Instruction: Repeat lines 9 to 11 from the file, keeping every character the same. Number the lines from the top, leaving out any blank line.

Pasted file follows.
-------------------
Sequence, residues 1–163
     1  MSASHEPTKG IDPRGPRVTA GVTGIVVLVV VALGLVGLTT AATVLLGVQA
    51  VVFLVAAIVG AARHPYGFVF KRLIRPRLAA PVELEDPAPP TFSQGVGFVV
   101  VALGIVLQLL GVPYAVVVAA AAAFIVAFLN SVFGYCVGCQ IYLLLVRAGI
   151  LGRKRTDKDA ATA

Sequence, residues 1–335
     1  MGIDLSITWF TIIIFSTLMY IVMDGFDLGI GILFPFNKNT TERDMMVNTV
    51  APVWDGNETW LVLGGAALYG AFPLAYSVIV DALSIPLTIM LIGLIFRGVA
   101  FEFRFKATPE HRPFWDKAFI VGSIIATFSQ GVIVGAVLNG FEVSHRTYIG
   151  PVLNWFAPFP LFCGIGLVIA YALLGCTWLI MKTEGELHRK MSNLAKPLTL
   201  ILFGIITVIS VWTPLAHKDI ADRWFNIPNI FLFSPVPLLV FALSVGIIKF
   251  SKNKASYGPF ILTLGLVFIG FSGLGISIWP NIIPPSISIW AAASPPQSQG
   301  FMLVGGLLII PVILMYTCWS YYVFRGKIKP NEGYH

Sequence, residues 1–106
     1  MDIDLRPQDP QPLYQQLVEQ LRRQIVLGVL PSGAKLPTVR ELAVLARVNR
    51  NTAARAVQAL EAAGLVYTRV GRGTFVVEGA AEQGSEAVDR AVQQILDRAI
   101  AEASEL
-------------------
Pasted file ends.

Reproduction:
   101  FEFRFKATPE HRPFWDKAFI VGSIIATFSQ GVIVGAVLNG FEVSHRTYIG
   151  PVLNWFAPFP LFCGIGLVIA YALLGCTWLI MKTEGELHRK MSNLAKPLTL
   201  ILFGIITVIS VWTPLAHKDI ADRWFNIPNI FLFSPVPLLV FALSVGIIKF